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Tiny owl sneaks into Port Coquitlam city hall for a bit of a hoot

Saw-whet owls are usually nighttime creatures that are seldom seen, but for some reason, this curious female walked into Port Coquitlam city hall this week.

Port Coquitlam city hall received an unusually tiny visitor Tuesday morning (Dec. 7).

A female northern saw-whet owl decided to take a detour from her southern migration to spend a few hours checking out PoCo's city offices.

"No one saw it come in, it just happened to be there," explained bylaw and animal control officer Stephanie Finn in an interview with the Tri-City News.

At around 9:45 a.m., the little creature — weighing no more than three ounces and standing six inches tall — wandered in through the back door of the 108-year-old building, taking workers by surprise.

The normally shy nocturnal owl didn't seem to know what to do next, said Finn, who used her sweater to gently pick it up and deposit it into a box she had under her desk.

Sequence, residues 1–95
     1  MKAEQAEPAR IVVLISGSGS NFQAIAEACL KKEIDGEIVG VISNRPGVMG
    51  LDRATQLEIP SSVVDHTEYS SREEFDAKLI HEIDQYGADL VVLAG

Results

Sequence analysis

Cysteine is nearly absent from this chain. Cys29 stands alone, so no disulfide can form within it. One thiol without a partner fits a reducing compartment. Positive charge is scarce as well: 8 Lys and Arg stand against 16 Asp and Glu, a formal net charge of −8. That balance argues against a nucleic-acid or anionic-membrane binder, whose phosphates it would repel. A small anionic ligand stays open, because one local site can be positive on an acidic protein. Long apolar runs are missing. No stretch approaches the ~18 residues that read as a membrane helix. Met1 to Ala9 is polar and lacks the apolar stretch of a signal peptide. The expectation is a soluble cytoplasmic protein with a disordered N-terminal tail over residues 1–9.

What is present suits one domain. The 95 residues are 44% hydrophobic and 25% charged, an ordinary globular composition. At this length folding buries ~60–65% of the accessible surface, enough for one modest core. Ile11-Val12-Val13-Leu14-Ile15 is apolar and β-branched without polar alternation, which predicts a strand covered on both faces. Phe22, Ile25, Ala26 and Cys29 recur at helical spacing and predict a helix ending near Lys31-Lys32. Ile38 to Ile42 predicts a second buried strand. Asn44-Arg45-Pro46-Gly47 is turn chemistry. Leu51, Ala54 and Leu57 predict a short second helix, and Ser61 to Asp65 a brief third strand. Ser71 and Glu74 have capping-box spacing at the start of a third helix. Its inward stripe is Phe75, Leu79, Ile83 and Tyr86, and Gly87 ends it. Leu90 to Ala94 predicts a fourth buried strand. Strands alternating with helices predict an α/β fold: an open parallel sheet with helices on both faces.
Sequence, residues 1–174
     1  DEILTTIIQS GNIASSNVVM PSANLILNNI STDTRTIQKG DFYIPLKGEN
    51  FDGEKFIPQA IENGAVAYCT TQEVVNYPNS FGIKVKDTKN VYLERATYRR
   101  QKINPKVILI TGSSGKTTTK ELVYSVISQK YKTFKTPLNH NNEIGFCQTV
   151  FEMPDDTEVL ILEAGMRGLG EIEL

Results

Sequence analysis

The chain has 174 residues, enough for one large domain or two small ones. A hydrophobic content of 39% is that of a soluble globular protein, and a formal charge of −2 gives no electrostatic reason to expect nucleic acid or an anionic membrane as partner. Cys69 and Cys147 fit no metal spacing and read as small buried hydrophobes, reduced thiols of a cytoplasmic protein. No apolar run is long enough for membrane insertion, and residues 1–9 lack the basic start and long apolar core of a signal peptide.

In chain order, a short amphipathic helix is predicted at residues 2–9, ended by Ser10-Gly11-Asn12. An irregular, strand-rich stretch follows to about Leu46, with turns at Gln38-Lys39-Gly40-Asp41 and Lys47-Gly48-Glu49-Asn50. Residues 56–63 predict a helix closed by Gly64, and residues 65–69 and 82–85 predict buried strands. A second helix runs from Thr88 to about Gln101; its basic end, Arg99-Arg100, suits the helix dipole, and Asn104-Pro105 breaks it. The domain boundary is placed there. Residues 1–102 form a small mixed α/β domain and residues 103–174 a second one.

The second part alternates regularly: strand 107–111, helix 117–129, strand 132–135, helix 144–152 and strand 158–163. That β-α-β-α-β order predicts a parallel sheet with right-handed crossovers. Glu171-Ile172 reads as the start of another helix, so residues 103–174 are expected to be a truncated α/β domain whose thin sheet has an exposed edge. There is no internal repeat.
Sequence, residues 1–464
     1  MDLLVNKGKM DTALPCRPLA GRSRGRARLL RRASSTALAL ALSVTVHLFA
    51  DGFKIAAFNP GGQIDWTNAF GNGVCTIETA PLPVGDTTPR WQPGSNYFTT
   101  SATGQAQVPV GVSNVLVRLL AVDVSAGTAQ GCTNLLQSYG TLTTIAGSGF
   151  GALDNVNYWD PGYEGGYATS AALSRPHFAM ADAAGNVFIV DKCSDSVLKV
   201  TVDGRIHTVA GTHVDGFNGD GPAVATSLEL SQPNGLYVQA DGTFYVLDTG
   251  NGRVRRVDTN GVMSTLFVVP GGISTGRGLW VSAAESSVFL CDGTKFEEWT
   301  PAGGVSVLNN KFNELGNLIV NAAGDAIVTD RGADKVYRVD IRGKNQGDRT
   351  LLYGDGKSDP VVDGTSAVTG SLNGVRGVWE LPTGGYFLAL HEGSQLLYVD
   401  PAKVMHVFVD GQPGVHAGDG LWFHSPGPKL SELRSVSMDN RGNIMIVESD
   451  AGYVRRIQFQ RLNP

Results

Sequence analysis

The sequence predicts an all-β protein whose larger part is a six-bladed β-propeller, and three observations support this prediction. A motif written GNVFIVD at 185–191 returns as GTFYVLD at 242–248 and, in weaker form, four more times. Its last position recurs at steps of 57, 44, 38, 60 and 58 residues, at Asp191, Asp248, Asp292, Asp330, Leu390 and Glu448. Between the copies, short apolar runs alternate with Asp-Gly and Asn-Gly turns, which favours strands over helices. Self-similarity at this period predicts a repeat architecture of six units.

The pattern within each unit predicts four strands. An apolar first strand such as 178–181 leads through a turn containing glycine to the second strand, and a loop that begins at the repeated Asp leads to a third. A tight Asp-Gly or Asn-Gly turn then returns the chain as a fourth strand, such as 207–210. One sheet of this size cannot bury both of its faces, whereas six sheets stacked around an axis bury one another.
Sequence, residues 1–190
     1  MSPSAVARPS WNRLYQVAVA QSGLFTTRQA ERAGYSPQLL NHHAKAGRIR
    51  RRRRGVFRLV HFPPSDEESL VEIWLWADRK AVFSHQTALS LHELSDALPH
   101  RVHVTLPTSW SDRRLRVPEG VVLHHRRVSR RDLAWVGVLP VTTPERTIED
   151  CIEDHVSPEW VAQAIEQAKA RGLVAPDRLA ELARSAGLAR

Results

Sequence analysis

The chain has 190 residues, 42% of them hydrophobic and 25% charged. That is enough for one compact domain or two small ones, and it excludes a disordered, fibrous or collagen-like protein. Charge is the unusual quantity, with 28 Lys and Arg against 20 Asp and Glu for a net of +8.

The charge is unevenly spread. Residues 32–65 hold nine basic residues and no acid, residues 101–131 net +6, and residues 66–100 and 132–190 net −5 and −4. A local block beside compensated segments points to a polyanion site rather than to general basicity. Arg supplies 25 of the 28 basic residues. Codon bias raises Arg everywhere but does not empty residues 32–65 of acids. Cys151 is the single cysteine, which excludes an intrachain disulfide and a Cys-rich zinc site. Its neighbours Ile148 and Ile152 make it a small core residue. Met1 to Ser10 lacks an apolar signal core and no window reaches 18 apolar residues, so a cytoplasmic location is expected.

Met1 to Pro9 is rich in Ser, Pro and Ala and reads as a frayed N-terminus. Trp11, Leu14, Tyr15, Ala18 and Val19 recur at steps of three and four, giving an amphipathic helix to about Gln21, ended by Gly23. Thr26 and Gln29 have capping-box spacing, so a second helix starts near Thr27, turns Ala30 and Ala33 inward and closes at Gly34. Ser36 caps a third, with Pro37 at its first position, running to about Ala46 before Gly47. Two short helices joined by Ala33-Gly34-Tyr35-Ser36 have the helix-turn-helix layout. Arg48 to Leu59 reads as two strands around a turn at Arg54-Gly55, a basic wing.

"She seemed pretty content sitting in the corner," she added.

However, the saw-whet was none too pleased about being handled, and flexed her talons, fluffed her feathers and tried to get away.

Also helping out with the rescue was Sonal Nagla, a vector control technician.

With extra care, the two gently placed the owl into the box, which was set under Finn's desk until a volunteer from Orphaned Wildlife Rehabilitation (OWL) in Delta arrived for a check-up.

"It was pretty surreal to have such a tiny little owl right here in city hall," said Finn, whose job usually entails working with domestic dogs and cats.

The owl was taken to the OWL facility, where it was given a wellness check and deemed to be in good health.

Finn said a volunteer drove back to Port Coquitlam later that afternoon and released the female owl into the forest near Gates Park at about 5:30 p.m.

Although it was budget day as staff and councillors were getting ready to discuss city spending for 2022, it's not known whether the saw-whet was appearing as part of a delegation to call for more environmental measures — or to congratulate the city on recent tree-planting initiatives.

Finn believes the owl may have just lost its way and serves as a reminder of how close the community is to wildlife.

"We are lucky to live in an area with so much nature around us," Finn noted.

According to the Cornell Lab, the northern saw-whet owl is a tiny bird with a catlike face, oversized head, and bright yellow eyes. It feeds on mice and other small mammals.

Though seldom seen, it is recognized by its high-pitched "woo-woo-woo" call.